They also are a giant resource for facts and nonpartisan—and this is key, nonpartisan—analysis. Everybody in DC in the private sector to one degree or another has an angle, a perspective. Often, especially when you're talking about interest groups or lobbyists, they have specific policy goals and they are going to make arguments to persuade you to pick their policies or to support them. CRS doesn't do that. It doesn't tell Congress, “Here's the policy you should pick.” Instead, it says, “There are your options. All of them have benefits and costs. Here are the benefits. Here are the costs. Now you Congress decide.” That makes them a special resource, and that's why they are so trusted on Capitol Hill because they don't have a skin in the game. They're not pushing an agenda.
What do they do? They run training classes to teach you how to be a legislator or staffer. They'll look up facts and figures for you. They write short reports and primers that explain the history of various policies and programs so you as a legislator can understand why these programs and policies exist and how they have evolved over time. They do so much for Congress.
How many people work at CRS, and how are they different from staff working in the House and Senate?
Presently, a little over 600 people work at CRS, so that makes it a sizable think tank and reference service within the library. But I should put that number within context. About 40 years ago—during the 1980s—CRS had over 900 employees. It had a lot more people power than it does today.
How are they different from staff working in the House and the Senate? CRS staff are civil servants, meaning they are hired on nonpartisan objective criteria—the so-called KSAOs: knowledge, skills, abilities and other characteristics. It's a rigorous process with lots of stages where—if you want to get a job at CRS—you have to show you got the education credentials, the research chops, and the various skills that you need to do the job. One of the things that helped get me a job at CRS was the fact that I had spent four or five years reading congressional documents in the course of producing my dissertation, so I was very familiar with the committee processes for doing oversight and policymaking and the larger legislative arena and how it operates.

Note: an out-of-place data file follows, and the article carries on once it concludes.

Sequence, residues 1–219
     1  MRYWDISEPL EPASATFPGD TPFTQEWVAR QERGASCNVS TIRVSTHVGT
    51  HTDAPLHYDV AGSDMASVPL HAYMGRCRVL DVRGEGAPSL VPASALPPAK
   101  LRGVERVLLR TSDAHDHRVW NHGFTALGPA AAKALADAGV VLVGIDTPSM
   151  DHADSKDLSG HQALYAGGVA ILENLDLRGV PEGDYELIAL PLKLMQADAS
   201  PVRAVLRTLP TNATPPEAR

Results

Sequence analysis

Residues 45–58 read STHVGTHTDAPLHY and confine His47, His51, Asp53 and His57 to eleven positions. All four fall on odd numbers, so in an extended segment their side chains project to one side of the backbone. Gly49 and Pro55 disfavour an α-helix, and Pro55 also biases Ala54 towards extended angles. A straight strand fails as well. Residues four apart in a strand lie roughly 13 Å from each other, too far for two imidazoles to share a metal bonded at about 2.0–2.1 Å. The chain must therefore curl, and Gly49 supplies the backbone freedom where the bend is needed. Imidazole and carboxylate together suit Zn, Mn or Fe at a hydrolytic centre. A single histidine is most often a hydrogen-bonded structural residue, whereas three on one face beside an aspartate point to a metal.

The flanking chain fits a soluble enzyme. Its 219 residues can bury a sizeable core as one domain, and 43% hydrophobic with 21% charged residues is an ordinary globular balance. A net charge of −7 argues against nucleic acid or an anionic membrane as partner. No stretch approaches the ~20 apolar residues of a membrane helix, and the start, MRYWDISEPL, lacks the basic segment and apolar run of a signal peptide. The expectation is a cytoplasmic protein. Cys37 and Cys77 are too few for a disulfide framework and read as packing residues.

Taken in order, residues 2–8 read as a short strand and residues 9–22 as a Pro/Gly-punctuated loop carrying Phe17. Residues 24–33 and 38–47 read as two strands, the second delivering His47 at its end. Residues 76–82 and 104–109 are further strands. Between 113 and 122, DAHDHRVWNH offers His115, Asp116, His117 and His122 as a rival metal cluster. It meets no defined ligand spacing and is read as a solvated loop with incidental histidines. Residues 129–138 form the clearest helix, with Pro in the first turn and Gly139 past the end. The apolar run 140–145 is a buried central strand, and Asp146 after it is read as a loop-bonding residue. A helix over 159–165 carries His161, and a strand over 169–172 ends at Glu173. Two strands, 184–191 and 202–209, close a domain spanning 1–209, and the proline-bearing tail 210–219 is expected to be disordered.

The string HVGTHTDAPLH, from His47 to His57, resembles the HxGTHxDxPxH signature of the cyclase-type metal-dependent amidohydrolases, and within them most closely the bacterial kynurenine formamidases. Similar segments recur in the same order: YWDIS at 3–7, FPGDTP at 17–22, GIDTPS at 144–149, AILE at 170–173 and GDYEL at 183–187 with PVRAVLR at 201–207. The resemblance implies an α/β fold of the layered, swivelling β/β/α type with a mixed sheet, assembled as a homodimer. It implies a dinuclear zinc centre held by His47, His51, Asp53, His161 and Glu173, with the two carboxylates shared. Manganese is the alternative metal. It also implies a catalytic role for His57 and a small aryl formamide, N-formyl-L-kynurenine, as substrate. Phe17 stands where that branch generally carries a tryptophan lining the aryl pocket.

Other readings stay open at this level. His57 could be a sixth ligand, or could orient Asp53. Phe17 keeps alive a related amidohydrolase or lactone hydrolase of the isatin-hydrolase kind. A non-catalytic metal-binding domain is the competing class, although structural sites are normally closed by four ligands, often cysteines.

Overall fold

That's different from Capitol Hill. If you want to work for a member of the House, member of the Senate, one of the committees, you're going to be picked with some consideration of your partisanship. That doesn't happen at CRS. Not at all. Not ever. People who work on Capitol Hill, their jobs are very diverse in nature. You have some people who are just devoted to constituent service, whose job is not really to think about policy. You have people who are devoted to working on press and public communications. You have folks who do a whole lot of different things. CRS is a lot more narrow-banded; you primarily have people with academic expertise-type training and experience. And of course, you have the critical core of the reference librarians, knowledge services folks. That's what comprises the agency.